As one of eight children, I frequently found myself in the position of defending my parents' choice to have a large family. Thin-lipped women in grocery stores or doughy Sunday school teachers would lean in and ask me, “But why would your parents want so many kids?”
As a product of this family, I had no idea. My answers were usually a joke (“They like sex!”) or evasive, (“We have fun.”). Only now that I’m 30 with a toddler and a husband is the answer to that question starting to take shape in my mind.
Before I got pregnant, I tried to come up with an answer to the question, “Why?” In my mind, I thought people would press me for an answer: “Why a child? Why you? Why now?” But no one did. My husband and I are white and middle class. We live in the Midwest. The only question people asked us was, “What took you so long?”
Which was good, because I didn’t have a perfect answer to the question, “Why have a baby?” My answers ranged from the selfish — I want to experience the love of a child, I want the happiness of a family — to the coldly practical — it’s part of our DNA to reproduce. But truthfully, I just wanted to reproduce myself in the most literal sense. I wanted to see that little girl again, all limbs, folded up into an arm chair, clutching a book to her stomach. I wanted to be there with her as she discovered Anne of Green Gables. I wanted to help her sew doll clothes and teach her to climb trees. The truth is prosaic. But no one wanted it anyway.
Now, as an adult, that question is again a common refrain. But this time it’s not directed toward my family. Instead, the question is being asked of gay couples: “Why do you want kids anyway?”
Why? Why would you want children if you can’t raise them with a mother and a father? Why do you want children if most of the country won’t let you adopt or have the custody security that comes with marriage? Why?
I live in Iowa, where gay couples can legally marry. But the struggle to build a family as a gay couple is still a long road riddled with social, emotional and biological obstacles. And of course, that nagging question: “Why?” When your family is a societal aberration (big or gay), people question you. They want to know why you are different. But the answer to why gay couples (or anyone) wants kids is a lot easier than you think, and of course, more complicated than you can imagine. Let me explain.
In his novel The Paternity Test, Michael Lowenthal tells the story of a gay couple, Stu and Patrick, who try to have a child through a surrogate. The story of the ensuing ramifications of that decision, and the couple's non-traditional journey to parenthood, examines the question of why we become parents in the first place, and the way that choice builds families and destroys our ideas of what we thought life would be.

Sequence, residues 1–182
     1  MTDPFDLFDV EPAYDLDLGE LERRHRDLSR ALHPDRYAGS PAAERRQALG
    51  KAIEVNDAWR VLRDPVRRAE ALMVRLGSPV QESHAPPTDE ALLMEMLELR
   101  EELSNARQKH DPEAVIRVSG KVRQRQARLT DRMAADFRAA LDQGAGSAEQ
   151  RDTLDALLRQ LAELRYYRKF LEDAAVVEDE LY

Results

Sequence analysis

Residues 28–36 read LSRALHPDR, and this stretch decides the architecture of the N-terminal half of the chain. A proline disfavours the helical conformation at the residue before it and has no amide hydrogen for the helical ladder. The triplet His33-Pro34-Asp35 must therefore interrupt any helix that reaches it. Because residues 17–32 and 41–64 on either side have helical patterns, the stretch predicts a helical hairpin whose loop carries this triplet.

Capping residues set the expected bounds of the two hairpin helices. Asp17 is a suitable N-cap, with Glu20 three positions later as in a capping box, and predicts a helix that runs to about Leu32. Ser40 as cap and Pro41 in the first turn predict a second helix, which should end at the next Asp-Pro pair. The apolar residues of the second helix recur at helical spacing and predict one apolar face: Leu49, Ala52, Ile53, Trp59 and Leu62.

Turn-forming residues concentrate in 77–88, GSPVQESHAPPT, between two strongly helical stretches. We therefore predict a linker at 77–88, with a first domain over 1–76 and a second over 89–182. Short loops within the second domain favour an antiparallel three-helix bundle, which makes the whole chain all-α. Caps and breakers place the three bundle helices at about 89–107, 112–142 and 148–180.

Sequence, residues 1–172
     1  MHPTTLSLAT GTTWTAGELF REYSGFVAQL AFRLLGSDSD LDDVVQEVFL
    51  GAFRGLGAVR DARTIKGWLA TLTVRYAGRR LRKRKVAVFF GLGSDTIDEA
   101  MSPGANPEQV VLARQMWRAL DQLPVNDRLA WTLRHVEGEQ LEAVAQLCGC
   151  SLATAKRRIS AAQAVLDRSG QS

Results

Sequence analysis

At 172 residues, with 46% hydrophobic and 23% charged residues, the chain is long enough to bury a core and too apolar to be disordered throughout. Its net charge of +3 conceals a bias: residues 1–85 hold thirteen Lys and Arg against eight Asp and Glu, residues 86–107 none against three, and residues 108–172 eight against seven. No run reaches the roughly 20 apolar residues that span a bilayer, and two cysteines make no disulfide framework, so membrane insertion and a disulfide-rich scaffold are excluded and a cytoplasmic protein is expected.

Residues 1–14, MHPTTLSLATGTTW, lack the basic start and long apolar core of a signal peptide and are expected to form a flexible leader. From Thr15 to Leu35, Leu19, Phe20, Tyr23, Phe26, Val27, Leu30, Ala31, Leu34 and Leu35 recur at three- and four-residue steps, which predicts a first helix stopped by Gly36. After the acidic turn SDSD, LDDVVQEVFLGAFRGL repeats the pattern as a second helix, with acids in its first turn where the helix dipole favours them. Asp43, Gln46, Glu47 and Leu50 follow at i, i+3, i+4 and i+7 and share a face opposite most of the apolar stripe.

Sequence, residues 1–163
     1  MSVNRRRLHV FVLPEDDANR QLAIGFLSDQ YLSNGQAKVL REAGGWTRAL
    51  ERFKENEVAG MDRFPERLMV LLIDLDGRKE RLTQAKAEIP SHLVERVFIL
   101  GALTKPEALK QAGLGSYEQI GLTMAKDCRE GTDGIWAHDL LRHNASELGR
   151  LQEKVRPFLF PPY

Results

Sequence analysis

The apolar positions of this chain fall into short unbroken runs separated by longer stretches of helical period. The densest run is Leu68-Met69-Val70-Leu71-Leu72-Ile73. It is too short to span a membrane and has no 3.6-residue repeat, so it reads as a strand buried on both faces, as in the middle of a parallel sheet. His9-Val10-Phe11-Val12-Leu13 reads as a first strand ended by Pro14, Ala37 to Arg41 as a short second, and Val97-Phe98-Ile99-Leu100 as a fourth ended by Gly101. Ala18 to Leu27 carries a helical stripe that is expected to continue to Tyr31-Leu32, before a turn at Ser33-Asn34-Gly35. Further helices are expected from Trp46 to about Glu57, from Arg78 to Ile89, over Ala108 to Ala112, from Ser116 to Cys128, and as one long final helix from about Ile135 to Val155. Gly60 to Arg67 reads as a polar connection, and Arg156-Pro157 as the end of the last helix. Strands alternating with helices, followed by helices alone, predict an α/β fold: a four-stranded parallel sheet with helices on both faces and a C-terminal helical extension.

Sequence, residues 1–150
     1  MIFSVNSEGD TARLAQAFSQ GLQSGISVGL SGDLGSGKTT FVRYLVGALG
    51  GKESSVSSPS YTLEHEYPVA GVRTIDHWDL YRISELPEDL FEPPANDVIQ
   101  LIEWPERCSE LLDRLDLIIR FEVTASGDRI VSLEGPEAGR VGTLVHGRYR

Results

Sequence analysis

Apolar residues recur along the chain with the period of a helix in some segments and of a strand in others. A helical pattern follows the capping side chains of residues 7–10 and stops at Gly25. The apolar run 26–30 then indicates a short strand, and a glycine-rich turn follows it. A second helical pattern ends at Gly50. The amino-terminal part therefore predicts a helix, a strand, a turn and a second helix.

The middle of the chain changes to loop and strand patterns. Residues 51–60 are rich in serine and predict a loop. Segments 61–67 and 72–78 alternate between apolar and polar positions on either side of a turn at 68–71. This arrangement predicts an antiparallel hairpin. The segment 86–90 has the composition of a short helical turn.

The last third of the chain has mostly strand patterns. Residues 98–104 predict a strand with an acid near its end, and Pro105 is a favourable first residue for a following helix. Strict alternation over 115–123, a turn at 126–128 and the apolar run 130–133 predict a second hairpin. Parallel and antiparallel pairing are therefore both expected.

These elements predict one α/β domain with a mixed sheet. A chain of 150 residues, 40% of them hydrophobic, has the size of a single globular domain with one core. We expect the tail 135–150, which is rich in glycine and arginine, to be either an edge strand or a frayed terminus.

Initially, Stu and Patrick want a child to save their relationship. How selfish! As I was reading, the mother and wife in me gasped, grasping my metaphorical pearls. But how could I blame them? It had occurred to me in my darkest of moments that the reason my husband and I were having a child was because we’d reached an apex in our relationship. The choice was only a matter of what we imagined as our future.
Yet as the story progresses in Lowenthal's novel, the rationales for having a child tumble against one another, until the whole structure of what each character thought they wanted is collapsed and the concept of family is redefined.
Although fictional, Lowenthal’s characters forced me to face that question of why? and realize just how lacking my answers were. Each time I heard my justifications (love, happiness, reproduction), echoed by characters in the book, I realized how flimsy they were in the face of the challenge that ultimately lay before me. But that is the point: When confronted with the realities of parenthood, of the process of creation and the exuberant tedium of childrearing, it doesn’t matter who we are (gay, straight) or what our answers are (logical, selfish, selfless). It just matters what we see before us.
At any given point in their process of having children, my parents have given answers that bordered on the sentimental (“We’ve always wanted a large family”) to the spiritual (“God’s called us”). But in the end, after eight births, one miscarriage and numerous tragedies, near deaths, and calls for bail money, each little answer to “why have a child?” has been lost to the realities of who each child has grown up to become.
The process of having a child reduced me from what I was—my pretensions about myself and my relationship—to what I really am, just a mass of quivering cells and ransacked souls. So does it really matter how we get there and why? Or just that when I hold that child, that child is loved and cared for?
Having a child stripped away all my ideas of “a normal family,” and left me with the understanding that love is the same no matter the source, and family is what you make of it, not how you conceive of it.
(photo: Adrian NiederhÃ?Â¤user/ Shutterstock)